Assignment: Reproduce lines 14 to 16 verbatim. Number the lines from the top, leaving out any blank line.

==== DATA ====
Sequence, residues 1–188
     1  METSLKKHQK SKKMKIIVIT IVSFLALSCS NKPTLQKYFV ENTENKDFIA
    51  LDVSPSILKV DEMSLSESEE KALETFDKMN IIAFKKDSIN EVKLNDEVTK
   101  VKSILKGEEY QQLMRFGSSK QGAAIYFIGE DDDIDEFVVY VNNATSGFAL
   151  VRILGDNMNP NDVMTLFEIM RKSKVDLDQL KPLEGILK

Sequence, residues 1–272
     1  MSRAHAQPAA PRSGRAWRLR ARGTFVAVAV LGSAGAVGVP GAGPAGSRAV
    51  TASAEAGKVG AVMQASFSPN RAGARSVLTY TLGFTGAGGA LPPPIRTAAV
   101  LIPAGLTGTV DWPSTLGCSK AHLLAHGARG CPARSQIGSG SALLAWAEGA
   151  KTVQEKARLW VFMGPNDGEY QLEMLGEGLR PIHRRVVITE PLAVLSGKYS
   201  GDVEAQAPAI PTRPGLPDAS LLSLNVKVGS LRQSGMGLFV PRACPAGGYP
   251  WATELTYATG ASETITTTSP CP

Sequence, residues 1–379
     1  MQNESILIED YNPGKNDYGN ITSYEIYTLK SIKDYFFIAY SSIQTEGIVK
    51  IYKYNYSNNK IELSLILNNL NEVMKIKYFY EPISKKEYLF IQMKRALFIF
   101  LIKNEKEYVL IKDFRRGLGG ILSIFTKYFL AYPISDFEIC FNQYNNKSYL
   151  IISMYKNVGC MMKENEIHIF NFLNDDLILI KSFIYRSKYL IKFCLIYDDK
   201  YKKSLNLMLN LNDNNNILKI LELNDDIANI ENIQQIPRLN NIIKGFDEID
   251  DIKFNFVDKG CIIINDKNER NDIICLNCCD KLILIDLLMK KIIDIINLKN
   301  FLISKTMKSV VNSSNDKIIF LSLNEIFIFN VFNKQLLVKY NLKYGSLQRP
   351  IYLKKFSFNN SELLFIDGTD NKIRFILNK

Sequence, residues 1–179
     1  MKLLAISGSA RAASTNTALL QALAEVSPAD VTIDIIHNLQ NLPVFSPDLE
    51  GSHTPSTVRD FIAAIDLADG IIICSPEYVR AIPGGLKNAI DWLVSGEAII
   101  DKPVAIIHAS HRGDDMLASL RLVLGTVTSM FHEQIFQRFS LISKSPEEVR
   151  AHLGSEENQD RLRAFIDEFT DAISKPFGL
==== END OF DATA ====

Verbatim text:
     1  MQNESILIED YNPGKNDYGN ITSYEIYTLK SIKDYFFIAY SSIQTEGIVK
    51  IYKYNYSNNK IELSLILNNL NEVMKIKYFY EPISKKEYLF IQMKRALFIF
   101  LIKNEKEYVL IKDFRRGLGG ILSIFTKYFL AYPISDFEIC FNQYNNKSYL